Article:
Published on September 18, 2013
Alison and Ken MacGillivary of Oakfield took their children, five-month-old Keir and two-year-old Ivy, to Open Farm Day for the first time this year. They enjoyed a wagon ride and some apple picking at Gates U-Pick in Port Williams. – Kirk Starratt, www.kingscountynews.ca
Published on September 18, 2013
Emma Parsons of Bridgewater bites into an apple fresh off the tree at Gates U-Pick in Port Williams. Emma and her family were visiting the u-pick as part of Open Farm Day. – Kirk Starratt, www.kingscountynews.ca
By Kirk Starratt
Kings County residents had a chance to meet the people who produce their food and enjoy a plethora of fun agri-tourism experiences last weekend.
Open Farm Day was held at 51 farms across Nova Scotia on Sept. 15, including several in Kings County.
Alison and Ken MacGillivary of Oakfield took their children, two-year-old Ivy and five-month-old Keir, to Open Farm Day for the first time this year. They were enjoying a wagon ride and some apple picking at Gates U-Pick in Port Williams.
Alison said she thinks it’s very important to support local farmers and expose their children at an early age to all the fun things to do on farms.
“It’s a great way to have a family day,” she said.
Ken said they enjoy eating local produce and it’s great to help keep jobs in the Maritimes.
“It’s nice that the farmers put it on for us,” he said. “It must be a lot of work for them.”
Supported by the federal and provincial governments, the Nova Scotia Federation of Agriculture and other agricultural groups, the event is intended to raise awareness of local agriculture and the benefits of buying local food.
Farm owners Doug and Marianne Gates have wagon rides and people are invited to experience the u-pick on Open Farm Day.
“We’ve been participating for quite a few years,” Marianne said. “It’s busier than it would be without it.”
Marianne said they’re open throughout September and October, but they find the weekends the busiest. Daughter Johanna helps out quite a bit. It gets progressively busier every weekend until Thanksgiving, their busiest weekend, but they notice a definite spike on Open Farm Day. Marianne said it’s great to visit in early- to mid-September because you can pick both apples and pears.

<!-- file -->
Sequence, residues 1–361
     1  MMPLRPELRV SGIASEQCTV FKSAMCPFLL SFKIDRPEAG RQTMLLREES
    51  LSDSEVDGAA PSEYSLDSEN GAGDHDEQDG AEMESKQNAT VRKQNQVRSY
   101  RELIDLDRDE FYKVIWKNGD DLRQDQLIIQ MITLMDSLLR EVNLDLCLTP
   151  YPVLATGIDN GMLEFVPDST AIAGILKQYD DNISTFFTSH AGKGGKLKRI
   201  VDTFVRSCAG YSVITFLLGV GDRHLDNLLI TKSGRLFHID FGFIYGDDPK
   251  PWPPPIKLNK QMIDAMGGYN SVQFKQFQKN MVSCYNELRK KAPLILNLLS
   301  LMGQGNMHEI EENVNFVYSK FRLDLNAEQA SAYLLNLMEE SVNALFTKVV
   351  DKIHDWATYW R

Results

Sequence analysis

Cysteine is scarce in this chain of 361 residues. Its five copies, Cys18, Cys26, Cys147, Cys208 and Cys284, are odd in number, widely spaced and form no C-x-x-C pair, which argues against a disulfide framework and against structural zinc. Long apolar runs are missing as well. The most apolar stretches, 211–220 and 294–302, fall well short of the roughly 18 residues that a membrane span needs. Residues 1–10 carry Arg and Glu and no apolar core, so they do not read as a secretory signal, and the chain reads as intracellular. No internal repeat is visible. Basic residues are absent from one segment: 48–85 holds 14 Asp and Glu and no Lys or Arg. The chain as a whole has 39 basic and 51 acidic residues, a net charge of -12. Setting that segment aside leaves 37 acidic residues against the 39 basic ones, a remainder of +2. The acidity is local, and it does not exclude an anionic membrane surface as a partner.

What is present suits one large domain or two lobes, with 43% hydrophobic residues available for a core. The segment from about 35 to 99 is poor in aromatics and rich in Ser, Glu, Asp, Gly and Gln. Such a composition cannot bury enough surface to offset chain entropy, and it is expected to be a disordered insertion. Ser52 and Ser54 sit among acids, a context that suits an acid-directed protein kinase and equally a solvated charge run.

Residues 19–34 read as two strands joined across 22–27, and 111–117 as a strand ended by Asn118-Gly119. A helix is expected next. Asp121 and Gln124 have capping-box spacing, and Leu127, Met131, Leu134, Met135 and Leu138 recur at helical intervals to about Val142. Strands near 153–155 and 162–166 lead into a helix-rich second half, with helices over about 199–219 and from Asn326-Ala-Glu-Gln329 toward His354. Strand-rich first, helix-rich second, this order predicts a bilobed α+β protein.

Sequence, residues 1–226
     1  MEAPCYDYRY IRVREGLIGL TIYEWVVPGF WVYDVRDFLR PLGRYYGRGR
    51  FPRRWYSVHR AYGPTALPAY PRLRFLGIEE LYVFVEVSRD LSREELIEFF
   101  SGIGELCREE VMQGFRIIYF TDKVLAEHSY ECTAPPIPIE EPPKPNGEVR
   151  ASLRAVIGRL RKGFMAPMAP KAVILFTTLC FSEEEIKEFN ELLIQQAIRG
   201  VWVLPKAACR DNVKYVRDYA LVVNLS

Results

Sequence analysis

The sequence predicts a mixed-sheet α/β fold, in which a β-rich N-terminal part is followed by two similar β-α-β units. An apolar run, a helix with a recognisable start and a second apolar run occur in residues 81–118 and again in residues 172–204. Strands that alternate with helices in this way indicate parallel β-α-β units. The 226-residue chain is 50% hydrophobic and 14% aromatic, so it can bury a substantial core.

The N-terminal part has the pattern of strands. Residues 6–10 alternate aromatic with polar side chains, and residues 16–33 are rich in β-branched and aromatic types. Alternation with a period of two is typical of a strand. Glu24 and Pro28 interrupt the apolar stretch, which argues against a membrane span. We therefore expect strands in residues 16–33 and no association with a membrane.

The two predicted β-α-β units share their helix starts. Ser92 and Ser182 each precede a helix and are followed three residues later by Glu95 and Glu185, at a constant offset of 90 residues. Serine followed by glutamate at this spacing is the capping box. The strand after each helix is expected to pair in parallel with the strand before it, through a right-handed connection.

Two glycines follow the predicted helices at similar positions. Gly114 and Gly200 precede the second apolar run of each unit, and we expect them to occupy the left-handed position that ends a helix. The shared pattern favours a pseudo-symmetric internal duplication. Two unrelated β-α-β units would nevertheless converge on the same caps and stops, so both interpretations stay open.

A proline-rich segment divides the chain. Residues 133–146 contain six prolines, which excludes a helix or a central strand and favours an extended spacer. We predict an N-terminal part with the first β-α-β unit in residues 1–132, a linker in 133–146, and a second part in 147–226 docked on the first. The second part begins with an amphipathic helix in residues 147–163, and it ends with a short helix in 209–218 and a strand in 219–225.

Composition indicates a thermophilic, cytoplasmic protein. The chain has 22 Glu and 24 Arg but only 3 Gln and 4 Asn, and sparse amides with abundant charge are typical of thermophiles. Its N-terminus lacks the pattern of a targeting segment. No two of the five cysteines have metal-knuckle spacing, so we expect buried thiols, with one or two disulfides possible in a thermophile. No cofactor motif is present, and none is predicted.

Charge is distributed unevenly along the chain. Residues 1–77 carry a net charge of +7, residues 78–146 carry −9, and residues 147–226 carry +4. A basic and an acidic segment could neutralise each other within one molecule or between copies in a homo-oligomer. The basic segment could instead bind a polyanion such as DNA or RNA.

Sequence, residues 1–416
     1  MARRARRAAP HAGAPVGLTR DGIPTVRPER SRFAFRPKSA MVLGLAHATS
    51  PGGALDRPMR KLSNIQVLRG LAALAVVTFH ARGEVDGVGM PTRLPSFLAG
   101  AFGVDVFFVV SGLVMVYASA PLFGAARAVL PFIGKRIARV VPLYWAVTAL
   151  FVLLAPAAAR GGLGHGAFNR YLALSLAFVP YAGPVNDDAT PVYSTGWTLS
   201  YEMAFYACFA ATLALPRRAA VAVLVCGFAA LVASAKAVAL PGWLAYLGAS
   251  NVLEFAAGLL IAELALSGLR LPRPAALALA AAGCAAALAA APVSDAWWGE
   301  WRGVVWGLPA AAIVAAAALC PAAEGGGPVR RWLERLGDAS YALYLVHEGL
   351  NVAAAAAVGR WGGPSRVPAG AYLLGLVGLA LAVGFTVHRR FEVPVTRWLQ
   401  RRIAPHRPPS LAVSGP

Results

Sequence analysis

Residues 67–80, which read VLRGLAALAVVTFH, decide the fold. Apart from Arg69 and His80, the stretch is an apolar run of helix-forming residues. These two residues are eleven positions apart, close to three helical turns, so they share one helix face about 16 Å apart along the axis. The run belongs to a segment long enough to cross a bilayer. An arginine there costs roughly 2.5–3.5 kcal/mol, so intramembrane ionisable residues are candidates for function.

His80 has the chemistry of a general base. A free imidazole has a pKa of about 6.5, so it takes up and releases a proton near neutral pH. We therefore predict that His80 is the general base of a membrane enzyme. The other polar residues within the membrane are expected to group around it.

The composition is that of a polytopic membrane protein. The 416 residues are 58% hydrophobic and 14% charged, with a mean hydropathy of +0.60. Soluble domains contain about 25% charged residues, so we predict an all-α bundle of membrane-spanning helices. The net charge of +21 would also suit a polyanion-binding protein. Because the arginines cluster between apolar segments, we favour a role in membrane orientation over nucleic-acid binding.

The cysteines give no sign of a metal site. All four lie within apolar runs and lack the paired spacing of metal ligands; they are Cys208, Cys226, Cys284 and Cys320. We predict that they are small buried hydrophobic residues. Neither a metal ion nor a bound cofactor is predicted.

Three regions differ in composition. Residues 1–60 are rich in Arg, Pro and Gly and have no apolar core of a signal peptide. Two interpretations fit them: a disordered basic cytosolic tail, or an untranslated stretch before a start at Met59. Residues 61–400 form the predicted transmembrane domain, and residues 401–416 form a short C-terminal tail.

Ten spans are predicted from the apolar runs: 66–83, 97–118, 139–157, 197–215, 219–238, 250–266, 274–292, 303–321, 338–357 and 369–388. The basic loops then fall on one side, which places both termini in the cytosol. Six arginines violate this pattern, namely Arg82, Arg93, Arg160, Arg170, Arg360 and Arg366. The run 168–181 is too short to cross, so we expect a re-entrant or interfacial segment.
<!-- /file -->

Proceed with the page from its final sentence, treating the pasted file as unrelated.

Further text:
She said most of their clientele are people with families coming for the experience as much as for the fruit. On Open Farm Day, they get a lot of people asking questions and wanting to learn about what they do. Especially for visitors from the city, it’s a chance to see a working farm, interact with farmers and participate.
Doug said he’s glad the weather co-operated for Open Farm Day. He was busy taking visitors for wagon rides. He said people of all ages enjoy the rides, which they started doing about 20 years ago.
“I think it’s fantastic to see when they have a picnic and make it a family outing,” Doug said.
He said most people don’t realize how good an apple tastes when it’s picked fresh from the tree. Doug said they tell visitors about grafting and how they get different types of apples.
The Gates’ also have a pumpkin u-pick and they sell their apples, pears and pumpkins at their roadside stand.
In Nova Scotia, there are more than 3,900 farms employing about 6,000 people. Last year, the industry generated $585.5 million in farm cash receipts.